Exposure assessment requires information on the concentrations of MPs and NPs and their contaminants in seafood relative to other sources of exposure. Oceanographers can contribute by providing a quantitative understanding of MP-NP distribution and fate in marine animals, especially those consumed by humans and the dynamics of how plastics move through marine food webs. Hazard assessment and exposure assessment can then be combined into a human health risk assessment.

As we investigate the possible mechanisms and risks of human health risks from MPs, we should take advantage of synergies with ongoing work on health effects posed by plastic food packaging, nano-medicines, and nanoparticles. Consumption of seafood is not the only route by which humans are exposed to MPs and NPs; understanding the impacts of these materials will require a careful parsing of the total MP burden on humans, which is likely to vary with, among other things, the amount and type of seafood in the diet. Initial risk assessments might focus on differences in health outcomes, for example, in seafood-dependent communities consuming seafood from high vs. low MP level waters.

Beyond the assessment of human health risk and its economic ramifications, and those of other ecological effects of marine MPs, there are interesting policy questions concerning the cost-effective ways to reduce MP risks. These are likely to be different for point-source inputs of primary MPs to ocean waters and for secondary MPs degrading from macroplastics. Until the ecological and human health effects are better understood, it is difficult to make a convincing case that marine MPs are a problem that must be remediated with urgency, given the many other ecological and human health challenges we face today.

Conclusions and recommendations

As we are just beginning to realize that MPs are distributed widely throughout the world ocean, and are consumed by marine and freshwater organisms, many intended for the commercial fisheries, the dearth of information concerning their impact on those organisms, the food chain and on humans is astounding. However, to better understand the scope of the problem at hand without established best practices and heightened rigor for experimental conditions, reporting units, definitions, identification of optimal sampling and classification technologies, the quantification of distributional patterns of microplastic particles will be slow to emerge.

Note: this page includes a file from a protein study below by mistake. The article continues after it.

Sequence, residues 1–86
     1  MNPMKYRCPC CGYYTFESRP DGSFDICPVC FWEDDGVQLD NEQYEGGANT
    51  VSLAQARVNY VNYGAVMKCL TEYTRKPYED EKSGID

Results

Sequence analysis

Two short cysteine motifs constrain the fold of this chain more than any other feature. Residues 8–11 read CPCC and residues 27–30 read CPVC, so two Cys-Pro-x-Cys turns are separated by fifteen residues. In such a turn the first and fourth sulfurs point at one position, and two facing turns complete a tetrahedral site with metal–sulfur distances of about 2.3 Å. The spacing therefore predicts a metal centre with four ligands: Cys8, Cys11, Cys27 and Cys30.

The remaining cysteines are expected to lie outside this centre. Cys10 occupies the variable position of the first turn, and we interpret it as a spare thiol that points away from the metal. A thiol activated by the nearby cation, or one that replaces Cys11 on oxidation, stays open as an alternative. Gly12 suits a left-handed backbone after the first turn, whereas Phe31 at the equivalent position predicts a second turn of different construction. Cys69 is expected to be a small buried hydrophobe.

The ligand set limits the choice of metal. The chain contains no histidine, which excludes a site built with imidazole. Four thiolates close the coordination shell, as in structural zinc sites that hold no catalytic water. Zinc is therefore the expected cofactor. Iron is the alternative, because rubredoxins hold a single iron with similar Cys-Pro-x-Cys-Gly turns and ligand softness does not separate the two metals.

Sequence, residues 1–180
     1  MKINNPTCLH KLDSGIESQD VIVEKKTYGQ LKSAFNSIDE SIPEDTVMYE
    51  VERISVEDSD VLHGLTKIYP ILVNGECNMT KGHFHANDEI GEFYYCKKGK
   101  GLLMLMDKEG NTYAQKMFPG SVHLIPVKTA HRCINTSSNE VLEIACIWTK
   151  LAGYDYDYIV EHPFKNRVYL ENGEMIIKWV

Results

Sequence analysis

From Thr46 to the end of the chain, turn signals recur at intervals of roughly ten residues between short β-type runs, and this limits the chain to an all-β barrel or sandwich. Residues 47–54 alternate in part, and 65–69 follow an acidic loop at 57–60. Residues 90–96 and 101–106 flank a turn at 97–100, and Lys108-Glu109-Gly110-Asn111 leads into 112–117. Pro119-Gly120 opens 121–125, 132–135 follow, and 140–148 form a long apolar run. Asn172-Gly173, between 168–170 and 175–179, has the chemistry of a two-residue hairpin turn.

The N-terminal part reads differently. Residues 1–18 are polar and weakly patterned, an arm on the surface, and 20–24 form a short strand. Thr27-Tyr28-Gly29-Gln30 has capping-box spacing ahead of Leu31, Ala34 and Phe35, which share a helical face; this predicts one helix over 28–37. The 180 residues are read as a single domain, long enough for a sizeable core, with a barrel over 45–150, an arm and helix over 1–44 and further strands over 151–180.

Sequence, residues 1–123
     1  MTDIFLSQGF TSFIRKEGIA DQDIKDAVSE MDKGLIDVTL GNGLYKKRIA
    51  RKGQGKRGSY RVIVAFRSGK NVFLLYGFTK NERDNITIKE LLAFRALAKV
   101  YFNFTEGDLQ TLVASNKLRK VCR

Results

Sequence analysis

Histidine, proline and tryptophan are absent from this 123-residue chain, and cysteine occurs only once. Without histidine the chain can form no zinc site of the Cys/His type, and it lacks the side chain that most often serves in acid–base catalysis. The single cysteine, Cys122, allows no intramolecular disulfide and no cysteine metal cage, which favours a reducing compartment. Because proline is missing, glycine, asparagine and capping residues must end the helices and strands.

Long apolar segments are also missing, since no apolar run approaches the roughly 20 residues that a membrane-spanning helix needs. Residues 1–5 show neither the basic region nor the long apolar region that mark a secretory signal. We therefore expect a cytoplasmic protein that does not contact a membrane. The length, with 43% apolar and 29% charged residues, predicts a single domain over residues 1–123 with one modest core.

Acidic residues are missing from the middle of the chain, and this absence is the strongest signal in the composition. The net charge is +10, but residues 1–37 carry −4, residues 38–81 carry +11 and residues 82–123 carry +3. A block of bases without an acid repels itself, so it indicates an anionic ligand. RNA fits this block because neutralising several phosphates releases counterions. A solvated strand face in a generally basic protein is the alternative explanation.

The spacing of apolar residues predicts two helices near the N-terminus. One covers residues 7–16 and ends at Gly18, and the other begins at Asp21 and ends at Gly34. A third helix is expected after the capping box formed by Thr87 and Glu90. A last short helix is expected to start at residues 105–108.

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New technologies need to be developed or adapted to provide classification and quantification of polymers and their additives at all oceanographic scales to create a mass budget to compare against plastics sources. Numerical models must be developed to allow for “now” and “forecasts” of distributional patterns, impacts of MPs on physiological processes, and projections on ecosystem function. We need to understand how the marine microbial world interacts with MPs causing degradation, nucleating marine snow and enhancing carbon flux to the deep sea, and influences their distributional behavior in the water column and sediments.

Finally, humans are consuming MPs at an ever increasing rate. Should we ignore this fact or should we begin to understand if and how MPs are impacting human health? The current lack of a cohesive research effort on MPs is reminiscent of the notorious history of the impact of 1,1,1 trichloro-2,2-bis[p-chlorophenyl]ethane (known as DDT) and polychlorinated biphenyls (PCBs). Both of these contaminants were exposed for their impacts on the ecosystem and human health at least a decade before they were effectively controlled or taken off the market entirely. It is the social awareness of unintended consequences that forces change in our system. Social awareness of the impacts of microplastics cannot proceed rigorous scientific inquiry. Therefore, it is up to responsible scientists to take on this issue and provide the data necessary for making responsible decisions by management.